US voters need to put Romney in White House
The Sunday Telegraph
November 03, 2012 5:27PM
TUESDAY will be crunch time for the voters of America and the thoughts of many Gillard government supporters will be with them.
Incumbent President Barack Obama has failed to deliver on his 2008 promises, just as Prime Minister Julia Gillard has failed her 2010 promises.
In both the US and Australia, largely Left-leaning media organisations have played down the failures of leadership and attempted to drive attacks on the personalities of their challengers.
In the US, the Obama campaign has tried to discredit successful businessman and politician Mitt Romney with bitter attacks on his religion and his standing with women.
Both Romney and Abbott have been pilloried for speaking the truth.
Last month, Obama voters made much of a frank response Romney gave to a supporter at a private gathering.
He had been asked how the election was shaping and replied: "Well, there are 47 per cent of the people who will vote for the president no matter what.
"There are 47 per cent who are with him, who are dependent upon government, who believe they are victims, who believe that government has a responsibility to care for them, who believe that they are entitled to health care, to food, to housing, to you name it.
"That that's an entitlement and government should give it to them. And they will vote for this president no matter what. I mean, the president starts off with 48, 49 ... I mean, he starts off with a huge number.
"These are people who pay no income tax; 47 per cent of Americans pay no income tax.
"So our message of low taxes doesn't connect. He'll be out there talking about tax cuts for the rich.
"I mean, that's what they sell every four years. And so my job is not to worry about those people.
"I'll never convince them they should take personal responsibility and care for their lives.
"What I have to do is convince the 5 to 10 per cent in the centre, that are independents, that are thoughtful, that look at voting one way or the other depending upon, in some cases, emotion, whether they like the guy or not, what he looks like."
There were predictable media claims Romney was being disrespectful of low-income workers but the underlying truth about the spread of the entitlement mentality in the US was unchallenged. Yet Romney had the gumption to stand by his comments, though he admitted they were "not elegantly stated". His campaign, he said, was "about helping people take more responsibility and becoming employed again, particularly those who don't have work".
Many Americans and Australians would see nothing wrong with his approach. As one chatroom commentator noted: "Did I miss something? Since when is what Romney said surprising? Isn't this what we hear on discussion boards and forums, day in and day out from the Right? 'You're on welfare. You want a free handout. I work for a living, you don't. You're lazy. Get a job'.
"Who the hell thinks this is something new? The only thing new about it is hearing it being said in such stark terms from a presidential candidate in this day and age."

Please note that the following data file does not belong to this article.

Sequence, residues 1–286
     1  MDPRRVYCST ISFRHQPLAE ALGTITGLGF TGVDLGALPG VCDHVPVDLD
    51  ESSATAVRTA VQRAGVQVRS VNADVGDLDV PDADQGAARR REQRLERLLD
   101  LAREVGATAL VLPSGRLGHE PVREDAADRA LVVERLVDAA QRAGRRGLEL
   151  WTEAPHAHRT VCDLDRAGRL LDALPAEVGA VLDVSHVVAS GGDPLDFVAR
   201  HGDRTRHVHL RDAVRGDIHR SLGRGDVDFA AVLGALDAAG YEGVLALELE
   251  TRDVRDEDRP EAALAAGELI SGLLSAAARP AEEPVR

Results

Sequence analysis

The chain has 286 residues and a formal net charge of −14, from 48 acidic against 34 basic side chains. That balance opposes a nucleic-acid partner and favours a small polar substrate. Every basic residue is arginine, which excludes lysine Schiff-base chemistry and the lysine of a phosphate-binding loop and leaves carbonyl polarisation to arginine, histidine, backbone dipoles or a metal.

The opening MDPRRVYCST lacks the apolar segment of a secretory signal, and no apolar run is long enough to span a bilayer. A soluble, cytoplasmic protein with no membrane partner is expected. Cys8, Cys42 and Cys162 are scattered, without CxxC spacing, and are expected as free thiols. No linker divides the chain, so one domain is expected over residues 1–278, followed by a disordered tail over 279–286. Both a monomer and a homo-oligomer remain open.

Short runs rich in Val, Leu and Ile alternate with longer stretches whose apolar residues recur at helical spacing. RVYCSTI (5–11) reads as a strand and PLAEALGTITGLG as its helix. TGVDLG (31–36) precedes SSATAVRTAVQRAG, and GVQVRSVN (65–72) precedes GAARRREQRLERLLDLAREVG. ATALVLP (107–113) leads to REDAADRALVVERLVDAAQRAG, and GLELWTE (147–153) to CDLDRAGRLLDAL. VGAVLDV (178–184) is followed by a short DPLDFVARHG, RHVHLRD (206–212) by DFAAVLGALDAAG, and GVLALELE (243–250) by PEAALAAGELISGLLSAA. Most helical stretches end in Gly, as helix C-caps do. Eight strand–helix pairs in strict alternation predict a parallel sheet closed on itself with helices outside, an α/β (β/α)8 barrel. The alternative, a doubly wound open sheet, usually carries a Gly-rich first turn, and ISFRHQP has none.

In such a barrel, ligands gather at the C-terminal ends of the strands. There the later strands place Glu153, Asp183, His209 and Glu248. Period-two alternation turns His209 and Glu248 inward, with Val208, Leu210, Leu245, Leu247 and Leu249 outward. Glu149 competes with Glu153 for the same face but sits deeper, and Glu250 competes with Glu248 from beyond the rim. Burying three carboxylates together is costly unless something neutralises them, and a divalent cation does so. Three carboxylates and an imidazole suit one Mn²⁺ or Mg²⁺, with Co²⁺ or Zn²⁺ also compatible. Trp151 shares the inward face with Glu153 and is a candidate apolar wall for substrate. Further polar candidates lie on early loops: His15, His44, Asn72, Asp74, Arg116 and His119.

Obama promised to lift poor Americans out of the welfare trap but there are now more people on food stamps than ever before.
Gillard's record is just as bad, with more people on benefits and more long-term unemployed.
Obama inherited what he thought was a poorly-performing economy with annual deficits of around $US400 billion. Today they run at more than a trillion. Gillard inherited Treasurer Wayne Swan from her predecessor Kevin Rudd. As Treasurer, Swan has managed to convert a $70 billion surplus into a gross debt of more than $250 billion.
Obama's budgets rely on the US printing more money and borrowing more cash from the Chinese. Gillard's budgets rely on borrowing and money-shuffling accounting tricks.
Both leaders essentially believe in wealth redistribution through big central government.
During the 2008 campaign, Obama notoriously told Joe Wurzelbacher - Joe the Plumber - "when you spread the wealth around, it's good for everybody". But the Obama experiment has failed Americans, just as the Rudd-Gillard experiment has failed Australians.
Obama's monument to wealth redistribution is his Obamacare package that would centralise greater control of the American population in Washington. Gillard's monument is the carbon tax that affects every Australian, not just the 500 "biggest polluters" she claimed when she introduced it. Both have been responsible for introducing green energy policies that have cost jobs and hobbled their economies.
Neither Obama nor Gillard understand how economies work or how wealth is created. Both think their respective federal governments are the solution, their opponents think they are part of the problem.
Neither leader has shown either a great interest in, or an understanding of, foreign policy.
On Obama's watch, Osama bin Laden was killed by US troops but Obama tried to take credit for the operation. Gillard's foreign forays from East Timor to Malaysia and Indonesia have been embarrassing.
Obama is running on promises of change, just as he did four years ago. His years in office offer little to recommend him.
Romney had an enviable career in private business and a laudable record as governor of Massachusetts. He can point to achievements.
America remains Australia's most important international partner.
We need an America with a strong leader, Obama is not that person.